Medical Malpractice Failure to Diagnose a Stroke: Physician Malpractice

  1. A medical problem known as a “stroke” occurs when the flow of blood to the brain is suddenly interrupted and brain cells die a quick death. It is an emergency medical condition that requires immediate attention. In many instances there are prior warnings that a stroke is likely to occur and those signs can be identified during a routine medical examination. A failure to diagnose a stroke due to the negligence of a doctor may arise to a level of medical malpractice.

    Types of Strokes

    Also called a “brain accident” or “cerebrovascular accident”, a stroke can result in paralysis, memory loss, speech impediments, logic and reasoning and even death. The most common type of stroke, an ischemic stroke, occurs when a blood clot occurs in one of the vessels that supplies blood to the brain. Hemorrhagic strokes are caused when a blood vessel of the brain ruptures or leaks. Some experts have estimated that in 2011, about 200,000 people in the United States were disabled because of strokes and resulted in approximately 170,000 incidents of death. High blood pressure is a major cause of ischemic strokes.

    Diagnosing a Stroke and Identification of Symptoms

    Many people suffer a TIA (transient ischemic attack) or a “mini-stroke” before they suffer a full cerebrovascular accident. When a temporary reduction or blockage of the blood supply to the brain due to something like a clot, a TIA can occur. Many doctors estimate that a third of all people who have experienced a TIA will also suffer a stroke.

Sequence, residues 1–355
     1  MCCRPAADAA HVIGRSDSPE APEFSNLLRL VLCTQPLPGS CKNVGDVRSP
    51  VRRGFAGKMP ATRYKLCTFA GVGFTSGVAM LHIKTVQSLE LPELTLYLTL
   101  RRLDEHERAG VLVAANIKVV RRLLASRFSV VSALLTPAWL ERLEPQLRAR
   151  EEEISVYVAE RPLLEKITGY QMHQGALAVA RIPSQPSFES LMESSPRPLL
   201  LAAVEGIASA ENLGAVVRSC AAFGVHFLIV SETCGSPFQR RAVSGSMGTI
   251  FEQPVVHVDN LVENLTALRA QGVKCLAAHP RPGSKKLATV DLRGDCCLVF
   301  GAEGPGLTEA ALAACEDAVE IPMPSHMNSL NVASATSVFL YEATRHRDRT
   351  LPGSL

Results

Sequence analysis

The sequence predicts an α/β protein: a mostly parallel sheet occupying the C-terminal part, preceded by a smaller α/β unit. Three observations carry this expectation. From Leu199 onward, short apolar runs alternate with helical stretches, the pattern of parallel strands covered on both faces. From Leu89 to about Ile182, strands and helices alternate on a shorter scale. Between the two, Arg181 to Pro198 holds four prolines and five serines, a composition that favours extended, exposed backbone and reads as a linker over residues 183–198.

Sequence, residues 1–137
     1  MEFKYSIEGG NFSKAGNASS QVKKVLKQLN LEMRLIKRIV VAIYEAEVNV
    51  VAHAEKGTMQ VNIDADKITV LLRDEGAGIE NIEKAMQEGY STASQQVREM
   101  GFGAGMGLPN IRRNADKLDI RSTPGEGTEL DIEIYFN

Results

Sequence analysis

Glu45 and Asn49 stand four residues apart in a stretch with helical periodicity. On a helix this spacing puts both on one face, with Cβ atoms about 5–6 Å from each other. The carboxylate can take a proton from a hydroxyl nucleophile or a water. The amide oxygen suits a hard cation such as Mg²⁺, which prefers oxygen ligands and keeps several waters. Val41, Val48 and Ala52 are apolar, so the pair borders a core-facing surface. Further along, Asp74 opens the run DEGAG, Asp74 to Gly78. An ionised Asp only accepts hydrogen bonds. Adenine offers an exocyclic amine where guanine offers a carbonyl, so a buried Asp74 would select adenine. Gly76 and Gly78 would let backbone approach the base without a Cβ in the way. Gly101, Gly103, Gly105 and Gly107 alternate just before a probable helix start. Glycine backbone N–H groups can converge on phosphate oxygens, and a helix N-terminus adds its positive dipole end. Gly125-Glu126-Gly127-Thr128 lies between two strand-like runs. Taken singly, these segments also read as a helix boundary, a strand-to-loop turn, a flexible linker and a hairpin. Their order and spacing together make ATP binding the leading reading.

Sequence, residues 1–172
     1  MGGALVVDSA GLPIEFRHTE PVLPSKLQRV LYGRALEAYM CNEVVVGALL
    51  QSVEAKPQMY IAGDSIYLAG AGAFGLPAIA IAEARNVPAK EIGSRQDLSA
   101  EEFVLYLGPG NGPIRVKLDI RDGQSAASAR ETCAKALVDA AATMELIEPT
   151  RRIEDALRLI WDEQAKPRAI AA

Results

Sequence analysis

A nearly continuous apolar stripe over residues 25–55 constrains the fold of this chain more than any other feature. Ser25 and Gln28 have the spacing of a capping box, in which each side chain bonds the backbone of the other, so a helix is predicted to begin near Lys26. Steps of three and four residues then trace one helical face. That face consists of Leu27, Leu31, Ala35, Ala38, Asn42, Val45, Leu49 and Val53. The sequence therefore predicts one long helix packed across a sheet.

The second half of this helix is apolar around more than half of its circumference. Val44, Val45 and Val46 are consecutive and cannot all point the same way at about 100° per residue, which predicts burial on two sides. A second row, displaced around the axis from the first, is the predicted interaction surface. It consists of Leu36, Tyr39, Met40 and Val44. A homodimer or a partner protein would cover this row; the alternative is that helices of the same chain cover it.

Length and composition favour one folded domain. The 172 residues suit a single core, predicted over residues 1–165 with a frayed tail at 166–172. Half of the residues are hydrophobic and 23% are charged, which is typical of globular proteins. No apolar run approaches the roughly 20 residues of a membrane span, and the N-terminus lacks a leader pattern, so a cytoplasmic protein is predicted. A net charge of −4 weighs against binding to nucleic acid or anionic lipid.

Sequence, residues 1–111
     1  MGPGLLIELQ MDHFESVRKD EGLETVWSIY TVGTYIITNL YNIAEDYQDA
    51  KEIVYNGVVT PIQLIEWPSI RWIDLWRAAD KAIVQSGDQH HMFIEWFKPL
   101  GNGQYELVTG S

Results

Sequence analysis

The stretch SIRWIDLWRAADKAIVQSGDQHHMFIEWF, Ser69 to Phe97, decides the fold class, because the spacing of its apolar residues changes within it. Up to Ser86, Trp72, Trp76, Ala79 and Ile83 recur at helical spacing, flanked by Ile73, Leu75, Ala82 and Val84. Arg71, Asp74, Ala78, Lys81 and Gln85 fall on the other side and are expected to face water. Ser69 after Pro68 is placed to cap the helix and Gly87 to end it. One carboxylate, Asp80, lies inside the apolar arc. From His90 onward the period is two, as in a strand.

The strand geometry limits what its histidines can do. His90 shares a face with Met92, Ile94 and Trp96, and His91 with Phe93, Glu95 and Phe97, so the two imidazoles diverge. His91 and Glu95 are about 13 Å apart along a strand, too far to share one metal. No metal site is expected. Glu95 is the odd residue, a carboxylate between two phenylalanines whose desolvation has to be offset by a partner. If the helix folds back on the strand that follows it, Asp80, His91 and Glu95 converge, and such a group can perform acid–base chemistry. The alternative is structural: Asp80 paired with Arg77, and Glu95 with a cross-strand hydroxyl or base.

A doctor who performs a medical examination on a patient using reasonable care should be able to discover the warning signs that a stroke is likely to occur. This includes a patient who experiences:
    • Difficult trying to speak or in understanding speech;
    • Numbness, tingling sensations, paralysis or weakness in parts of the body and most especially if these symptoms are experienced on one side;
    • Loss of consciousness;
    • A general sense of confusion;
    • Severe headache;
    • Diminished or loss of vision;
    • Loss of coordination, motor skills, balance or feelings of dizziness.
    It is extremely important for prompt action to be taken if a stroke is suspected. It is possible to carry out a CAT scan (Computed Tomography or CT Scan) to check for bleeding on the brain. If a stroke is detected early enough, it could be the difference between the patient living and dying.

    Steps to Take if You Suspect Medical Malpractice

    Nobody is perfect and diagnosing medical conditions is not always an easy task. But you may have a reasonable belief that a stroke you or a family member experienced could and should have been properly diagnosed. Perhaps you realized later that the clear warning signs of a mini-stroke were disregarded by a doctor, perhaps due to negligence or carelessness. If you're under the impression that this is the case, take careful notes of everything you remember recording the date, the people involved, the circumstances and what occurred. Most importantly, of course, you should have the victim seen by another physician as soon as possible to reverse or minimize the harm.

    You should call an experienced medical malpractice attorney soon after you suspect negligence by a doctor or hospital staff. Medical conditions can change quickly and your attorney can provide you with suggestions and recommendations in order to preserve evidence for a potential lawsuit.
    Health, Medical & Social:
    Failure to Diagnose

    Michael Wechsler

    Michael Wechsler
    Michael M. Wechsler is an experienced attorney, founder of, A. Research Scholar at Columbia Business School and of-counsel to Kaplan, Williams & Graffeo, LLC. He was also an SVP and chief Internet strategist at and legal consultant at Kroll Ontrack, a leading service e-discovery and computer forensics service provider.


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